Brickmarks – Possible reasons for reversed letters and misspelling.

When examining brickmarks it soon became evident that many letters were reversed. The letters ‘S’ and ‘N’ are by far the most frequent to find in reverse.

There could be several reasons for this including:-

1. Perhaps illiteracy of some form. This could be an issue in older bricks by many 20th century bricks also have reversed letters and I doubt if illiteracy will have been an issue in these cases.

Below – An old Greenhill brick with many issues regarding the letters!

Although in the case of the above Greenhill, I have 10 or so bricks with the letters reversed, missing or upside down, all of different combinations, however, they are always in the correct order. In this case, I think the hand moulds were falling apart and each morning the brick moulder shuffled the letters in the mould to make what he thought was the word ‘Greenhill. He always got them in the correct order but because he was having to set them in reverse he often placed them the wrong way around or upside down – just my theory!

2. Perhaps it was a gimmick, a method of trying to highlight the brick to customers – a design feature.  Many companies today misspell words, etc as an advertising ploy – eg they use a Z instead of an S.

Perhaps this is such an example – Patent Loudon & Russell Newmains and assuming the N of Newmains is also reversed that would be 7 reversed letters on this stamp – 4 x N and 3 x S. I have found 3 of these exact stamps in 3 entirely different locations in Scotland which makes me think this was a deliberate reversal of letters.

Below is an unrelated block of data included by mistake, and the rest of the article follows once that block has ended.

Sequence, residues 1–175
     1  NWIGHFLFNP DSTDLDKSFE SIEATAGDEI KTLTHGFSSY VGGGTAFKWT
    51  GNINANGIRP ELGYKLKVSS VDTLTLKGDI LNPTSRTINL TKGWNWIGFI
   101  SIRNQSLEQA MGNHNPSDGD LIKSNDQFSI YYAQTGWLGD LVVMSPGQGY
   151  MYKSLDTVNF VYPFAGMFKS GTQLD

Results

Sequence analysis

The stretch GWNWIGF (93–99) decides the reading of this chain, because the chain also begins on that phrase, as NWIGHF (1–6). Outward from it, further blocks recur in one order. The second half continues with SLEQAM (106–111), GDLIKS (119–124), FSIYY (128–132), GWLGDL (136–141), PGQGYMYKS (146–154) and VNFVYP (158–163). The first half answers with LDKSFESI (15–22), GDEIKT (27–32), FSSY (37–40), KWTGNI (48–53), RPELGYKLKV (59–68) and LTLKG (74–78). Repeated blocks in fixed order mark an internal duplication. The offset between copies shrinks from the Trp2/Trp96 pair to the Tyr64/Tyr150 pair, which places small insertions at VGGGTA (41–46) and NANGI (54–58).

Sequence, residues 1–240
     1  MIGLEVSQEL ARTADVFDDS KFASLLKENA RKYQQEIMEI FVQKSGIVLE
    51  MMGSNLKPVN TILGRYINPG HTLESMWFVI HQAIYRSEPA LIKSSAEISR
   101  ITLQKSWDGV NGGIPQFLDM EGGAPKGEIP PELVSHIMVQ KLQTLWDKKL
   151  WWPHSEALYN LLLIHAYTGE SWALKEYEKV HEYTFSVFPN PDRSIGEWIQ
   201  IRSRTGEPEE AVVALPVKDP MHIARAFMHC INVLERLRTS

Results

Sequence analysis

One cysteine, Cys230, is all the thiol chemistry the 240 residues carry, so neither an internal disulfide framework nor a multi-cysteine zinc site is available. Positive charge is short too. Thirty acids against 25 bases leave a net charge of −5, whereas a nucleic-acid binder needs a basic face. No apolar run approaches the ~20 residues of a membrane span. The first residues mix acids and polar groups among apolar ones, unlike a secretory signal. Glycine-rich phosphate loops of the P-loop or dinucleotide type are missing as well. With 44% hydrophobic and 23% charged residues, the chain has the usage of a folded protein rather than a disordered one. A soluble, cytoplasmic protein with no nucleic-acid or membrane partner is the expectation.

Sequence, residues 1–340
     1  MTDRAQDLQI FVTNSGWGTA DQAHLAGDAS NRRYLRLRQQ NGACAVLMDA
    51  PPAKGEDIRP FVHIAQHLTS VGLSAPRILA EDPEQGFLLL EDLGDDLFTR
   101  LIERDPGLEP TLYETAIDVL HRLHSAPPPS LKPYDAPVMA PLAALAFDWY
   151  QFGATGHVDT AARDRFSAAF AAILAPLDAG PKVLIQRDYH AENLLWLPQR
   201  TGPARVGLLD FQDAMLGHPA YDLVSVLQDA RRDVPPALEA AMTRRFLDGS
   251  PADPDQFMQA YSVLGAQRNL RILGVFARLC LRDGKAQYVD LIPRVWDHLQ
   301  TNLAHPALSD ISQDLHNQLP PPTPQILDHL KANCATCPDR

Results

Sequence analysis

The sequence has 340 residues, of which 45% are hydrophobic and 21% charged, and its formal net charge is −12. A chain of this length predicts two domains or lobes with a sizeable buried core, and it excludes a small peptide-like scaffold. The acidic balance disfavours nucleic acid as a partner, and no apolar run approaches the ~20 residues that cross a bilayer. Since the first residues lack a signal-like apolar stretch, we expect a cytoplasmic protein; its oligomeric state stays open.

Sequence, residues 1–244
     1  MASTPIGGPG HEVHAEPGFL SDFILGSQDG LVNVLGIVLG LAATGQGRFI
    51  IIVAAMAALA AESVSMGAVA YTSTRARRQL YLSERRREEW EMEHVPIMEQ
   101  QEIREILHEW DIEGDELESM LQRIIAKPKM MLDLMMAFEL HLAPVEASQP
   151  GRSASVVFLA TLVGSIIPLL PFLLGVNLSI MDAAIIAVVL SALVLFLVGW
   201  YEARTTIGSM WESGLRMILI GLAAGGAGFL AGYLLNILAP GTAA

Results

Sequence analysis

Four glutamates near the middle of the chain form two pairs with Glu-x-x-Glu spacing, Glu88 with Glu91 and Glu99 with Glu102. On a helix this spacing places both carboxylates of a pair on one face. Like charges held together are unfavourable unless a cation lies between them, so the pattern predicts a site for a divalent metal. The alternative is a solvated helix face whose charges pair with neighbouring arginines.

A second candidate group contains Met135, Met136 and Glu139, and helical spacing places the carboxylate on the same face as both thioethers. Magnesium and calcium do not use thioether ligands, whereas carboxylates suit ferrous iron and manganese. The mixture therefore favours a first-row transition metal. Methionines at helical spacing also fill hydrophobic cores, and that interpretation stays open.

3. Perhaps someone was trying to get one back on the boss or the company for some reason and deliberately set the brick stamp up wrongly!

4. When creating a brick stamp you do so in mirror image so it may be that someone simply got mixed up when creating the stamp in the first place … a genuine mistake.

5. I was told by an ex-employee at a Scottish brickworks that often the brick making machine stamp would break and a letter would drop out of the stamp. Someone would notice this during quality control as the bricks come off the conveyor but stopping the machine was time and money so the foreman would get someone to try and replace the letter while the stamping mechanism was up in the air – between stamps – this usually meant snapping out the broken letter and shoving in a new one but because this was done at lightning speed the new letter was often placed the wrong way round and if it was they would continue the run rather than stop the machine.

6. Sometimes it is not just letters that are wrongly set but the whole name as in this brick which should read ‘ADAM’.